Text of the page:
Atheism 101: How you can be an atheist and still believe in God

Americans don’t think much of atheists.

According to a 2015 Gallup poll, 74% of Americans would vote for a qualified gay or lesbian for president. Sixty percent would vote for a Muslim. Only 58% would vote for an atheist. Forty percent would refuse to vote for an atheist.

Gallup 2015
Gallup 2015

Now I won’t even begin to claim atheists are more oppressed and marginalized than Muslims or gays in our society. They certainly are not. But I do think this is telling. We actually have a pretty snide and dismissive attitude toward atheists.


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It is definitely not a popular thing to admit you are an atheist. If you do, even in progressive communities, you are often pegged as unfeeling, soulless, and without any sort of morality or purpose.

So most people don’t.

More and more, people who reject religion and “God” say they are agnostics or “spiritual” or simply avoid the question. To say you are an “atheist” would be to suggest that you are certain about something where certainty is impossible. Or it would mean that you think the universe is cold, sterile, and mechanistic. People want to feel the universe is full of wonder and spirit and atheists are a huge downer.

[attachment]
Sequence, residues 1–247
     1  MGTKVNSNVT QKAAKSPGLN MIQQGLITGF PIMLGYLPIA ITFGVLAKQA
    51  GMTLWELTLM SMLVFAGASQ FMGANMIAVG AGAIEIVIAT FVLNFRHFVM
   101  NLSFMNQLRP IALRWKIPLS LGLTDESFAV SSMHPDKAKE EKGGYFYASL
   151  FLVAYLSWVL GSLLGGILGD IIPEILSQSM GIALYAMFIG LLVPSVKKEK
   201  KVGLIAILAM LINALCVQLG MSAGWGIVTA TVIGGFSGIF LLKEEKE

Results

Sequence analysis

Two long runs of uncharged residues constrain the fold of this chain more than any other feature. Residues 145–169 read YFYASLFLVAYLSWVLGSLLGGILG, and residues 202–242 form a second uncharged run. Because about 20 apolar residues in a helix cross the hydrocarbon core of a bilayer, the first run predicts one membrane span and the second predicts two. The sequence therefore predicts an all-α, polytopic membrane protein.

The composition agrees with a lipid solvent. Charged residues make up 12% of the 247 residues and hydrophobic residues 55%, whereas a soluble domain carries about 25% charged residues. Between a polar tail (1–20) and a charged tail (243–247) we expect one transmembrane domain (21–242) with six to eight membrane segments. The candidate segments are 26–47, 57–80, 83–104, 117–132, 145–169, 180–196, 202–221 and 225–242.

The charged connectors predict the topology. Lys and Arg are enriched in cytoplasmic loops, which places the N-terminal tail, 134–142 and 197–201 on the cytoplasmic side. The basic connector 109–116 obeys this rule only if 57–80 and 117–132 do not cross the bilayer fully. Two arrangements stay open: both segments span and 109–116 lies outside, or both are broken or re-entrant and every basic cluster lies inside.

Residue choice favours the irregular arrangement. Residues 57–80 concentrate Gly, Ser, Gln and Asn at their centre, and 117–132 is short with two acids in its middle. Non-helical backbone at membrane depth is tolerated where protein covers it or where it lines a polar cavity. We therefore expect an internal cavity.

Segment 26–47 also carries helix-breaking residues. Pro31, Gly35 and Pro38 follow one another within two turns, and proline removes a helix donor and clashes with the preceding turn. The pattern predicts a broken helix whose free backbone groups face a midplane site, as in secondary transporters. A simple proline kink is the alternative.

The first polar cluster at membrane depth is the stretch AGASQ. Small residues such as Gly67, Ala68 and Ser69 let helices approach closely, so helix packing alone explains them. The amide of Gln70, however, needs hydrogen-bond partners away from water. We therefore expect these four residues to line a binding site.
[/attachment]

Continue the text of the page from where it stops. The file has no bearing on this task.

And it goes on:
Oprah articulates this judgment perfectly:

Well, I’ve got news for you Oprah: You can be an atheist and be in awe. You can be an atheist and consider yourself spiritual.

You can even be an atheist and believe in God.

 

What exactly is theism?

Theism, according Dictionary.com is:

The form of the belief in one God as the transcendent creator and ruler of the universe that does not necessarily entail further belief in divine revelation.

According to PBS:

Theism states that the existence and continuance of the universe is owed to one supreme Being, who is distinct from Creation. For this reason, theism proclaims a dualistic relation between God and the world, wherein God is a being who controls events from outside of the human world.

Let’s notice two things about these definitions:

  1. Theism is the belief of God as a being separate from us and the universe.
  2. God is the ruler of the universe. “He” intervenes in and controls events on Earth. “He” has the power to change outcomes and circumstances. Things happen because God willed them that way.

Notice theism is very, very, very different than the “God is love”, “We are all God”, God is the universe idea of God that many of us have. It is saying specific things about how and why things happen and who made them happen.

A-theism (i.e. not theism) is simply not believing either one of the two statements listed above. That’s it.

 

Why I think you might be an atheist

My hunch is that under this definition most of us progressives would consider ourselves a-theists. We certainly don’t believe poor people are poor because God made it so. We don’t believe that when a plane crashes it’s because God wanted the passengers killed.

We believe that things are the way they are because humans have created systems that produce those outcomes.

Yet while we aren’t theists, we stop short of calling ourselves atheists. Somehow, we think being an atheist suggests something besides simply not being a theist. It suggests that we believe the world is completely mechanistic, that there’s no mystery to the world, that there’s no essence or life-force connecting us all.